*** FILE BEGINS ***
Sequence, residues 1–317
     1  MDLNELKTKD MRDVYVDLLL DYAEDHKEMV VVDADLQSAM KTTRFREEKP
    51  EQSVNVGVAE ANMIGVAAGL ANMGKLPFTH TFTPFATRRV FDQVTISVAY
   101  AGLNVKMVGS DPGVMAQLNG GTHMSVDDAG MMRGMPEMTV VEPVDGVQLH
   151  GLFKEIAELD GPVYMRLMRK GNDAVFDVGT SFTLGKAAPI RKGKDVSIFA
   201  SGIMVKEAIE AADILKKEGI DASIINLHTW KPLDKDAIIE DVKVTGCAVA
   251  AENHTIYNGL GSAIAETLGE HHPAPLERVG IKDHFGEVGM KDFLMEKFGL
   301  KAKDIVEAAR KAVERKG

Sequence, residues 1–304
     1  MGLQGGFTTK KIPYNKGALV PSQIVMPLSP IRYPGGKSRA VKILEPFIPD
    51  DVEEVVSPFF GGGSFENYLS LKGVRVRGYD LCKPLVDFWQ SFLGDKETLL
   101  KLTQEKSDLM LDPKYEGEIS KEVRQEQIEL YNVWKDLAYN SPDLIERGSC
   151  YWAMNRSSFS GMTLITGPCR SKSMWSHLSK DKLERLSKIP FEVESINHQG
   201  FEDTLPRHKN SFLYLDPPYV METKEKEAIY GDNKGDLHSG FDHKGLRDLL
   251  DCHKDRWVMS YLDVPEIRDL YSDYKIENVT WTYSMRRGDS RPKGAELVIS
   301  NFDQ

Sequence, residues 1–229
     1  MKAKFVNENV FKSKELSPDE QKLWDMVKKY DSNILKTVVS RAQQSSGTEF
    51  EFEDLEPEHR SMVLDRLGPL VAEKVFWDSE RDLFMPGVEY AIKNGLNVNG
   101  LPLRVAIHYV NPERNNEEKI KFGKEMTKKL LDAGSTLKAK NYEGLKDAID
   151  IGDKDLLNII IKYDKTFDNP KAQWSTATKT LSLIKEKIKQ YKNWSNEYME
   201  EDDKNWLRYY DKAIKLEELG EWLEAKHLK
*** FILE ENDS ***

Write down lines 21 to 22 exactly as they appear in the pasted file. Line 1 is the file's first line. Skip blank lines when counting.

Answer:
   151  IGDKDLLNII IKYDKTFDNP KAQWSTATKT LSLIKEKIKQ YKNWSNEYME
   201  EDDKNWLRYY DKAIKLEELG EWLEAKHLK